This memoir sings. I really cannot say enough wonderful things about it. It is angry, and hopeful, and joyful, and hilarious, and touching, and wonderfully alive. I pretty much couldn't put it down. Who cares abut writerly skill and pacing and characterization, even if all these elements are solid and well deserving of the critical acclaim it has received? This book is about a gut response, not an intellectual one. Go read it.more
After having read Norwegian writer Karl Ove Knausgard´s aitobiographical series "Min kamp", it was interesting (to say the least) to read Eggers´ autobiography. His approach is a bit more cautious than Knausgard´s; he admits to have changed names, and the book is closer to a book of fiction than the Min Kamp series. Also, Eggers bases his story on one particular part of his life: the loss of both his parents and his raising of his younger brother. It is nevertheless a tour-de-force of a book. Although the author at times seems to be too smug for his own good, he comments on it and in a way involves the reader into the reasoning behind telling the story in the way and manner he does. Some of the segments of the book are really inventively written, like the casting interview with MTV, others are incredibly strong and touching, like the sequence about his receiving his mother´s ashes. I wish I had left all the prefaces to the very end, these made more sensing reading after I had finished the main part of the book. I recommend this book to anyone who will be looking for an easy read that will challenge you all the way, and who enjoys authors that pour themselves into their storytelling.more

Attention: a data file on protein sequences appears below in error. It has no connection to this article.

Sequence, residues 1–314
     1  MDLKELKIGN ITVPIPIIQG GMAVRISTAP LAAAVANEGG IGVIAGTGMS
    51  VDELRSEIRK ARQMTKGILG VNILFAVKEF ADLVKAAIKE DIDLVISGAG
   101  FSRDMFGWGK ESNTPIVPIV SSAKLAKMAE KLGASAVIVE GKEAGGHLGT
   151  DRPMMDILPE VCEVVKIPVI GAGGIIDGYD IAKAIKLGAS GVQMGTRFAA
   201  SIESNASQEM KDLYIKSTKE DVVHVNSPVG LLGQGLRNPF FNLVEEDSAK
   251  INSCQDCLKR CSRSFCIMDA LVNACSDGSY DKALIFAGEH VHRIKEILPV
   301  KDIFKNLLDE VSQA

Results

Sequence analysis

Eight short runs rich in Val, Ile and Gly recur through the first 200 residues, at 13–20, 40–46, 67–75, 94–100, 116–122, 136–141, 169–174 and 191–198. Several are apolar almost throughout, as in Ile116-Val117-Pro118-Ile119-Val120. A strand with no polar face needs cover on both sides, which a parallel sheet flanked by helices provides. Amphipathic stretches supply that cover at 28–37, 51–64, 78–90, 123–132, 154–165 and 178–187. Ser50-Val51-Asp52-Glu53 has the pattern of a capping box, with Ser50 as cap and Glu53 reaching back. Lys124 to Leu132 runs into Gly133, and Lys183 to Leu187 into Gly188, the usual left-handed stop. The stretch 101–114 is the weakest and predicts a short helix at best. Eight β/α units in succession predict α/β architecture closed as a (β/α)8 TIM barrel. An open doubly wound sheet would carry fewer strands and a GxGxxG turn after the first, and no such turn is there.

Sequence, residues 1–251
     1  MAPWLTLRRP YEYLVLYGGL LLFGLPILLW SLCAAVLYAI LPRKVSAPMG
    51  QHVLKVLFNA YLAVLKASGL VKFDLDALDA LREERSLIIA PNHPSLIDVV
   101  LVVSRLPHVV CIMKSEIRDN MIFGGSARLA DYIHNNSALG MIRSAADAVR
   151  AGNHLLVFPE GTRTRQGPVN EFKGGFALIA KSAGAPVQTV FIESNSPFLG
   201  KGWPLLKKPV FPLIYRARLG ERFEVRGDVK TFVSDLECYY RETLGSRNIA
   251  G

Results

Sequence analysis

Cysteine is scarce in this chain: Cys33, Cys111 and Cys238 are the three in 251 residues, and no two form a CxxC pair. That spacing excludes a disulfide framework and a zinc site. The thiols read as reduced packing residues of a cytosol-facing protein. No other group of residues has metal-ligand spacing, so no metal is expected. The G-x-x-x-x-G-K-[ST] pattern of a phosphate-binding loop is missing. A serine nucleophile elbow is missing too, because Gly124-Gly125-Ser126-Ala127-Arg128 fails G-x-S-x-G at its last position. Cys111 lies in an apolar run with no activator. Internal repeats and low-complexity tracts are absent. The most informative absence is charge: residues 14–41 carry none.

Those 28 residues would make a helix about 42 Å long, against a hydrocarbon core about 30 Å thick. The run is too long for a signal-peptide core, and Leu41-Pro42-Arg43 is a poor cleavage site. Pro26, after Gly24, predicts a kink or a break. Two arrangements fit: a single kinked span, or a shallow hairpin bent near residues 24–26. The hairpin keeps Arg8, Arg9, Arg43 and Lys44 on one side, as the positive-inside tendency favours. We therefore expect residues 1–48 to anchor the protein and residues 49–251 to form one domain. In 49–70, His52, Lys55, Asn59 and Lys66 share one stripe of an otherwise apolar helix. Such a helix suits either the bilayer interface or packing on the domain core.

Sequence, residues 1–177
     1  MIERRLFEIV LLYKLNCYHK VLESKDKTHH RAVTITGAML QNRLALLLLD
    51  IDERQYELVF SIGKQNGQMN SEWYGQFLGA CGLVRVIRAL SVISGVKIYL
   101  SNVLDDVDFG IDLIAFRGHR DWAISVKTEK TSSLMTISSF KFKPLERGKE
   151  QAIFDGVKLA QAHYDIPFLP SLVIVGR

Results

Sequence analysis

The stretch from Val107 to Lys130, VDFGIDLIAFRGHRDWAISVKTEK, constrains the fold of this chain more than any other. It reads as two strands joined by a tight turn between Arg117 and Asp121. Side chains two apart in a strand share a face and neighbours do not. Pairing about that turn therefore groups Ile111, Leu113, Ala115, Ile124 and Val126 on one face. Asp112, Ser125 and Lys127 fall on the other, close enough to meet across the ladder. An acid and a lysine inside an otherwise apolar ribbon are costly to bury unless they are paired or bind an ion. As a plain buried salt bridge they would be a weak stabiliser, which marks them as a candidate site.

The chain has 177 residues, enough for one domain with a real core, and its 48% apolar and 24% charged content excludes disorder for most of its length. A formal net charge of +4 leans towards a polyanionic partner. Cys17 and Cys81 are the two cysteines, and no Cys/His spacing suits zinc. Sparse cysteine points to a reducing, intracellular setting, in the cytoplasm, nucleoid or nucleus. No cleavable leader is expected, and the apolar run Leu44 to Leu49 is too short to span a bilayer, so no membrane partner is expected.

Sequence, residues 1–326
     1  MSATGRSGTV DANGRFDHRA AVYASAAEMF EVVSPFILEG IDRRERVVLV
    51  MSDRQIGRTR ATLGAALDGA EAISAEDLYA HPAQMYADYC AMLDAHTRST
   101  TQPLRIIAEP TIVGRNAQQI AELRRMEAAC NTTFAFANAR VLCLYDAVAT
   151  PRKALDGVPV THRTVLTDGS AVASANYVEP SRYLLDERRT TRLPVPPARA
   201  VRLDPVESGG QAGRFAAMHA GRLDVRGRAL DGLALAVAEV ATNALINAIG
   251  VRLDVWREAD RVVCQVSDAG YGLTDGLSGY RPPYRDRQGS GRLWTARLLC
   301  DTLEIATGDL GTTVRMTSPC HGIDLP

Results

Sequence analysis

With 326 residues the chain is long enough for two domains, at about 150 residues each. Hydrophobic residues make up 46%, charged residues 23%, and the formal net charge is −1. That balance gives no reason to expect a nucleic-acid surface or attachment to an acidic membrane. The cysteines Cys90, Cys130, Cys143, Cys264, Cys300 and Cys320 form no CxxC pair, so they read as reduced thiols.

I think this book may have changed my life, yes.more